Kyiv expresses defiance after Russian missile strike in center of capital

KYIV, Ukraine – The first explosions of the day hit a central intersection during the downtown rush hour, killing a policeman on his way to work and leaving several cars mutilated and in flames near a historic university complex and the country’s Ministry of Education.

Another hit one of the Ukrainian capital’s most popular parks, leaving a crater next to a playground that only the day before was filled with children and families enjoying a balmy autumn weekend.

Later, there was an explosion next to a pedestrian and bicycle bridge popular with tourists. A huge orange fireball followed by a cloud of white and black smoke briefly enveloped but did not destroy the glass-bottomed walkway, which offers views of the city and the Dnieper.

The wave of Russian airstrikes that rocked Kyiv on Monday morning shattered months of calm, pushing the city back to the center of a nearly eight-month-old war.

Many of the city’s normal rhythms had resumed after Russia’s failed efforts to invade the capital and overthrow the Ukrainian government in the spring.

And across the city on Monday, Ukrainians expressed anger and fear over strikes that hit civilian sites in retaliation for an explosion on Saturday that damaged the Crimean Bridge, a highly strategic link between mainland Russia and the region. of illegally annexed Crimea.

Russia hits Kyiv and cities across Ukraine after Crimean Bridge attack

The bridge is a key logistical conduit for the Russian military and of great symbolic value to Russian President Vladimir Putin. Ukraine did not take official responsibility for the attack on the bridge, but Putin accused Ukrainian special services of organizing it.

Many Kyiv residents also expressed defiance at the likelihood of continued attacks, which Putin threatened by boasting of a “massive strike” on Ukraine in retaliation for the bridge attack.

In central Kyiv, Ekateryna Puzanova was unloading morning deliveries at the grocery store where she works when a giant explosion shook the building, shaking her so hard that the contents of her pockets spilled onto the floor.

Some colleagues rushed into a windowless kitchen; others were thrown to the ground.

Puzanova, 46, had fled to Kyiv at the start of the war from the eastern region of Donetsk, an area that Russia illegally annexed last month. Puzanova, increasingly emotional as she thought of her husband and son, was resolved: she would stay.

“I already left my place once,” she said. “Kyiv is our home now.”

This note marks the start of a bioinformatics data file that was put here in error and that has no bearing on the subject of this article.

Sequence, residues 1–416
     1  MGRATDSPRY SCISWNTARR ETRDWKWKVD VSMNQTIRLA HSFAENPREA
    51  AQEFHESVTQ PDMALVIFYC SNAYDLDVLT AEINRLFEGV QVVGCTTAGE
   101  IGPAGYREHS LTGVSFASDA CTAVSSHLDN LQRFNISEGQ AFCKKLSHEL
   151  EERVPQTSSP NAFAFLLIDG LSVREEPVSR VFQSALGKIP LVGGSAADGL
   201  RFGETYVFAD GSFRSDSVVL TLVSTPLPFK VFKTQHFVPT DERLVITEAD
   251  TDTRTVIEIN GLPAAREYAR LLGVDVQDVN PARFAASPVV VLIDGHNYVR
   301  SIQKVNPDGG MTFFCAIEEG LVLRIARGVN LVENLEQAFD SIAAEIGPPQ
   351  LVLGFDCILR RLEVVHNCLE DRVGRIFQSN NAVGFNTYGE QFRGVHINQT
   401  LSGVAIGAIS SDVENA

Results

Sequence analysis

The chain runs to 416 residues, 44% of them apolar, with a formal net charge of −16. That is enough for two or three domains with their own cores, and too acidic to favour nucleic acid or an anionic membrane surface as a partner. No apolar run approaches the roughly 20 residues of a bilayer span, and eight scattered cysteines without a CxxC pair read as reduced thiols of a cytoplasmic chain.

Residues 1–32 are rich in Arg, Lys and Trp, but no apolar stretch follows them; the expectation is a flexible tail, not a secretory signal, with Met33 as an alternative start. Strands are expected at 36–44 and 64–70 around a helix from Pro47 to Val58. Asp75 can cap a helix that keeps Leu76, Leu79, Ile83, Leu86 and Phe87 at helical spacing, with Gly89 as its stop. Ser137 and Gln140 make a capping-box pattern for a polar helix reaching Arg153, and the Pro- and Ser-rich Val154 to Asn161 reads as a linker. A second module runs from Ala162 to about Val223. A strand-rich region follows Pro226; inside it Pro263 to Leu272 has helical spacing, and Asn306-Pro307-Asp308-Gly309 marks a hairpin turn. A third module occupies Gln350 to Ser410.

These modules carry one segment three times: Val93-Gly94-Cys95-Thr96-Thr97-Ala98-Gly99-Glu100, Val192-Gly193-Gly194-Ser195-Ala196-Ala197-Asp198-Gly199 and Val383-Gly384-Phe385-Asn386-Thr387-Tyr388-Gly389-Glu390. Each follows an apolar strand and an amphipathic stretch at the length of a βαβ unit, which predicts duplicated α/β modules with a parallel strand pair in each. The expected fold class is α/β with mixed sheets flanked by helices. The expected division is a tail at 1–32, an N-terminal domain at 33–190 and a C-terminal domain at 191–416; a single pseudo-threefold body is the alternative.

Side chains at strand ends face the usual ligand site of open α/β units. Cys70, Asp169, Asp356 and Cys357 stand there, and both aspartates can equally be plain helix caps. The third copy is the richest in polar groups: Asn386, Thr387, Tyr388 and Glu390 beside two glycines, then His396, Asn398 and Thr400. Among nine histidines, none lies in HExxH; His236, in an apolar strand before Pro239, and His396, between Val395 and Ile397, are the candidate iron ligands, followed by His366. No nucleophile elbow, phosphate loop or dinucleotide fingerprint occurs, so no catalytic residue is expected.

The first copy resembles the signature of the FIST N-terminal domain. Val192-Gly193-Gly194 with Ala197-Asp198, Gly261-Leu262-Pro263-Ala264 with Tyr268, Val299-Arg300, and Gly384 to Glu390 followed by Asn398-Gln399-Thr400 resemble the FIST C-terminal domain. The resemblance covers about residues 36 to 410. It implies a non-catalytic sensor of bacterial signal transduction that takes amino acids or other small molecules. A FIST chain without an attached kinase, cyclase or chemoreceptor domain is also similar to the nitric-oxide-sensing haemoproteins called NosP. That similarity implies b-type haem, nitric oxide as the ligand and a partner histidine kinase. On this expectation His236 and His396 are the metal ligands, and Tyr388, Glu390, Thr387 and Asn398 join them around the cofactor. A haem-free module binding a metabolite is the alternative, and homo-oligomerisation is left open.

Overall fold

Across Kyiv, residents said they were better prepared after the first months of the war, more accustomed to the routine of sheltering, cleaning up and getting on with their lives.

After Putin’s February 24 invasion, much of the city slept in shelters or subway stations for weeks as residential areas came under regular Russian fire, until invading forces eventually forced to retreat after their failed assault on the capital.

But Monday’s attack appeared to cross borders set by Russia, as the missile strike struck for the first time in the very heart of Kyiv, near ministries, pedestrian streets and shopping areas.

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Kyiv residents who for months had ignored the sirens of the air raids rushed into basements, rooms or protected corridors, and in particular deep underground metro stations, considered the safest places to wait. the attacks.

Vokzalna metro station, adjacent to Kyiv’s central passenger rail station, was packed with hundreds of people in the hours after the first explosions in Kyiv, some of them carrying suitcases or pets in small carriers.

Olesya Rogatynska, 39, had just arrived in Kyiv by train on Monday morning after seven months in Georgia, where she and her family had sought refuge after the war. With Kyiv seemingly peaceful for months, Rogatynska decided to return with her 61-year-old mother and 4-year-old son. But as soon as his train arrived in Kyiv, they were rushed into the metro station.

Tears fell from Rogatynska’s eyes as she spoke. “I feel terrified now. I really couldn’t stay longer in another country, but now it’s risky to stay in Kyiv again,” she said. what to do next.”

Rogatynska raised her hands in uncertainty, thinking about her choices ahead. She said her family would meet her at her home in Kyiv and see what the night would bring. If more strikes occur, she said, “I’ll just jump in the car with my son and drive to Poland.”

At a bicycle shop in central Kyiv, Oleksiy Milkovskiy was among those clearing rubble caused by a strike which, as Putin suggested, appeared to target a major power plant across the road.

The blast blew out the windows of adjacent apartment buildings and offices.

A large office building nearby was badly damaged, with almost an entire facade of windows missing and the interior of offices and building materials hanging in the open. Rescuers and military personnel quickly cordoned off the area.

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Milkovskiy, 27, said the morning attacks gave him flashbacks to February, but he said he would not consider leaving. His face hardened when asked if the Crimean Bridge explosion was worth it considering the price Kyiv was now paying.

He said he did not believe the Ukrainian government carried out the attack – some Ukrainian officials say it was done by Russia itself. For his part, Milkovskiy said he believed Russia was doomed no matter what.

“Actually, it doesn’t matter,” he said. “No matter what we Ukrainians do here or on the front line, they are just terrorists, attacking civilians with missiles.”

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